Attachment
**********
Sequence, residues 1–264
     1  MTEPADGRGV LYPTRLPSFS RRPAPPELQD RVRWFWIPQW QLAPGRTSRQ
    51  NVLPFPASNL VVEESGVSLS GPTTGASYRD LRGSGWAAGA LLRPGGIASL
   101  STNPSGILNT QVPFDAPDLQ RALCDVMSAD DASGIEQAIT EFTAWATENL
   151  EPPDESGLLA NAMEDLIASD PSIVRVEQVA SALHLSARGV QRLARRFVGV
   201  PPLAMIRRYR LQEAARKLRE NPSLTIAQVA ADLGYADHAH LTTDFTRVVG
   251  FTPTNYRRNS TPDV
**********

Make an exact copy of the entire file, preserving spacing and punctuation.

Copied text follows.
Sequence, residues 1–264
     1  MTEPADGRGV LYPTRLPSFS RRPAPPELQD RVRWFWIPQW QLAPGRTSRQ
    51  NVLPFPASNL VVEESGVSLS GPTTGASYRD LRGSGWAAGA LLRPGGIASL
   101  STNPSGILNT QVPFDAPDLQ RALCDVMSAD DASGIEQAIT EFTAWATENL
   151  EPPDESGLLA NAMEDLIASD PSIVRVEQVA SALHLSARGV QRLARRFVGV
   201  PPLAMIRRYR LQEAARKLRE NPSLTIAQVA ADLGYADHAH LTTDFTRVVG
   251  FTPTNYRRNS TPDV